The ZenWatch runs the same Android Wear software as smartwatches from LG, Samsung, Sony, and Motorola, and it has the same set of features and limitations. We’ve already gone in depth on Android Wear numerous times, so I encourage you to check out those earlier reviews if you’re not familiar with it. Basically: you can see all of your phone’s notifications on your wrist, send messages or perform Google searches with your voice, or do things like control your smart lights with one of the many apps that have been developed. It’s a powerful platform, but still has a number of usability and reliability issues, which prevents me from recommending it to anyone without reservations.

For better or worse, the ZenWatch’s performance is on par with other Android Wear watches, meaning that it’s mostly fine, but can be annoyingly slow at times. It isn’t as responsive to voice commands as the Moto 360, but that didn’t prevent me from sending messages to my wife without touching my phone. More frustrating to me is the ZenWatch’s poor response to the wrist motion to wake up the display.

The ZenWatch performs as well as any other Android Wear watch

Asus isn’t able to change the main interface of Android Wear (Google doesn’t allow it), but it did add a few apps of its own for both the watch and your smartphone. The ZenWatch has a number of attractive exclusive watch faces that complement its more elegant design. Some of those can be customized to display extra information such as step count, watch battery life, phone battery life, or current weather conditions using Asus’ smartphone app. I’m particularly fond of the large digital face that I’ve set to also display the date, my step count, phone battery, and weather. There’s a camera remote, which turns the watch into a viewfinder for your phone’s camera, along with a compass and a flashlight app that displays a solid color on the ZenWatch’s display. (That last one’s not very useful.)

Asus ZenWatch

The ZenWatch Manager app offers a few exclusive features that other Android Wear watches lack. It lets you set the ZenWatch as a trusted device on your phone, even if you don’t have Android 5.0; sound an alarm on the ZenWatch in case you lost it in the couch cushions for some reason; or set up an alert on the watch if you leave your phone behind somewhere.

Asus also offers a health and fitness app for both the watch and the phone that logs step counts, heart rates, and mood as measured by the ZenWatch. It’s supposed to be the "zen" part of the ZenWatch. The Wellness app wouldn’t work on my Android 5.0 Lollipop phone, but the watch portion still measured my steps and vitals.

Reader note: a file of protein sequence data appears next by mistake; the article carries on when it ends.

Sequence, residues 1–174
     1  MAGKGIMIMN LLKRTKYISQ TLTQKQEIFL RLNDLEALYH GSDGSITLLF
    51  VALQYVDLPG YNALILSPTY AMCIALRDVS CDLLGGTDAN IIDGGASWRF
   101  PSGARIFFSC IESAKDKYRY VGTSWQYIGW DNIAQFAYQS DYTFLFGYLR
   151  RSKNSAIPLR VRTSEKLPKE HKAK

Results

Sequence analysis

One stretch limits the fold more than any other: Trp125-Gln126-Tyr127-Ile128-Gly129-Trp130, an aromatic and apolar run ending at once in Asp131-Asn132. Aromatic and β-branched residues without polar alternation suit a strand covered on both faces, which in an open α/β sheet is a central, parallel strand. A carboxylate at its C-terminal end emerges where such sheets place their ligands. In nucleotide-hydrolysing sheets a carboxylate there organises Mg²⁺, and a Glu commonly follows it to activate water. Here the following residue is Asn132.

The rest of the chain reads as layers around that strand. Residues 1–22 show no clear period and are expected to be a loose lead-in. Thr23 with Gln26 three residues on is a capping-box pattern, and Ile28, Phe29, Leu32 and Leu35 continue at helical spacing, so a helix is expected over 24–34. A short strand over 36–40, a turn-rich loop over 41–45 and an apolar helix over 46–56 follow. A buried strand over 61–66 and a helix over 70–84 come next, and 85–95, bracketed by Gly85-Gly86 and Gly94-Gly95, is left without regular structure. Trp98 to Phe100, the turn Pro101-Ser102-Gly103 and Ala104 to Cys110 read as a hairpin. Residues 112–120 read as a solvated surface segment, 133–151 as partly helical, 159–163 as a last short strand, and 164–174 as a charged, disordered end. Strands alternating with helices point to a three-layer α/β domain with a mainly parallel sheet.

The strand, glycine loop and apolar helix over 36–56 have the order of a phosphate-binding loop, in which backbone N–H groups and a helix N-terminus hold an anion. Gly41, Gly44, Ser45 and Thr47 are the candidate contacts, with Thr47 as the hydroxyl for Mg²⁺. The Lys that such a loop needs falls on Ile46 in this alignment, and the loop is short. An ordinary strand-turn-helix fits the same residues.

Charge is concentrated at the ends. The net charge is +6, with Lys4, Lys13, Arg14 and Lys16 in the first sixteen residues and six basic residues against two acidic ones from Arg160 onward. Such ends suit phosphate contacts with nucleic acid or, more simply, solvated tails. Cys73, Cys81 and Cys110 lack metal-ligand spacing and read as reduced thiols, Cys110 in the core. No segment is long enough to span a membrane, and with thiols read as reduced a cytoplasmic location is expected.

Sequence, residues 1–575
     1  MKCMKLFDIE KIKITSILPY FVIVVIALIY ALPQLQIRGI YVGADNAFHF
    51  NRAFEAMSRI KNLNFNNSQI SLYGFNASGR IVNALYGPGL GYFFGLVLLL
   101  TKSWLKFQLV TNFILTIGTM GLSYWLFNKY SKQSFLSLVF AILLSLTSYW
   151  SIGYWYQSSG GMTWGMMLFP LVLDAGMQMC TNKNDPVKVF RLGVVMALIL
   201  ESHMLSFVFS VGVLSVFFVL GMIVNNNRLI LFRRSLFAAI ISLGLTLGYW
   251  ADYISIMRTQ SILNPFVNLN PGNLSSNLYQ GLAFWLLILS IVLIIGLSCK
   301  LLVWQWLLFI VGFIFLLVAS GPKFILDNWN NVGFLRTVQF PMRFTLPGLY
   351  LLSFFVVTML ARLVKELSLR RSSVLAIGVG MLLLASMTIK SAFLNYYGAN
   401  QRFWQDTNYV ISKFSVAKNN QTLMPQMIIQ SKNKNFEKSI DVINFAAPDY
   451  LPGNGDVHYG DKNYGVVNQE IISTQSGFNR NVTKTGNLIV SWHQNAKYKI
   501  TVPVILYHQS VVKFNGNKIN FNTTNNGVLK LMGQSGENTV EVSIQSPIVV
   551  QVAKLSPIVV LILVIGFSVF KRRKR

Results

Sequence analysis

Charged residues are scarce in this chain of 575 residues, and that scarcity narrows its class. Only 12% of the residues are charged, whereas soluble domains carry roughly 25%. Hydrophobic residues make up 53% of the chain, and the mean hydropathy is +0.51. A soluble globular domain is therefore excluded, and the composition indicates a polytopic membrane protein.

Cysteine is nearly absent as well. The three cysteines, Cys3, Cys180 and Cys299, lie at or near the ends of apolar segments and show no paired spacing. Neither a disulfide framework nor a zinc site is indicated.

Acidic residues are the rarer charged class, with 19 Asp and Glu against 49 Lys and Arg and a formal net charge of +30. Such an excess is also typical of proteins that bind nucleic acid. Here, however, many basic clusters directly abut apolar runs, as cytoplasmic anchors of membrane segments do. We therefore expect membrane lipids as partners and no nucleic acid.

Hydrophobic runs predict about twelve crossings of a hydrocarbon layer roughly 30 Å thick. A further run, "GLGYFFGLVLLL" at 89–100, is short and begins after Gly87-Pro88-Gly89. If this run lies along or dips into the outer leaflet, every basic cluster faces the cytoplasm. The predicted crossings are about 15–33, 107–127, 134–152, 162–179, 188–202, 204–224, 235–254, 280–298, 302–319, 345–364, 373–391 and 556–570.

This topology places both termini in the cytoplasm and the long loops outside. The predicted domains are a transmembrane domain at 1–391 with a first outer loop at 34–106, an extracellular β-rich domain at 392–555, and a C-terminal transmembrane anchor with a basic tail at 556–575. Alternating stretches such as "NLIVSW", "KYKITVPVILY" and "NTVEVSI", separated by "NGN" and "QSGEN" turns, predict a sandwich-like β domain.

The larger problem is the ZenWatch just isn’t good for counting my steps or measuring my heart rate. Step counts varied wildly and were never in sync with the Fitbit I wear on my other wrist: sometimes they were thousands of steps higher, sometimes they were thousands of steps lower than what the Fitbit reported. The ZenWatch isn’t a device I’d wear at the gym anyways (the leather strap and metal body pretty much put that out of the question), but it’s not too much to expect reliable step counting for my day-to-day activities and the ZenWatch fails in that regard.

Step counts and heart rate measurements were all over the place

Measuring your heart rate on the ZenWatch isn’t like with other smartwatches, which use a light underneath the watch to read your pulse. Instead, you place two fingers on the metal frame at the same time, completing an electrical circuit. Unfortunately, this isn’t any faster than the other method, and like the ZenWatch’s step counter, can be all over the place with its readings. I’m pretty sure my heart rate doesn’t shift 100 beats per minute in two minutes of standing still, but that’s often what the ZenWatch told me.

Asus ZenWatch photos

For all its faults and imperfect features, though, if I had to choose an Android Wear watch to wear every day, the ZenWatch would be it. It’s less expensive than the LG G Watch R or Moto 360, but looks nicer and is more comfortable than either of those on my wrist. It’s something I could just as easily wear out to a formal event as I would to work every day. Even my wife said it was a nice-looking watch, and she hasn’t been too kind to other smartwatches in the past.

I’d love to have more accurate step counting and better battery life, two things which could potentially be improved with software updates. I’d also like Android Wear to be easier to use and more reliable, but that responsibility falls on Google more than Asus at this point. The ZenWatch makes the best of what’s available with Android Wear right now, and I can’t really ask for more than that.

If I had to choose an Android Wear watch, the ZenWatch would be it

If you’re going to buy a smartwatch, you should buy something that you feel comfortable wearing all the time. The ZenWatch fits that bill, while still doing the things I want a smartwatch to do. It’s the first time I’ve been able to say that about an Android Wear watch, and what makes the ZenWatch the Android Wear watch I’d choose.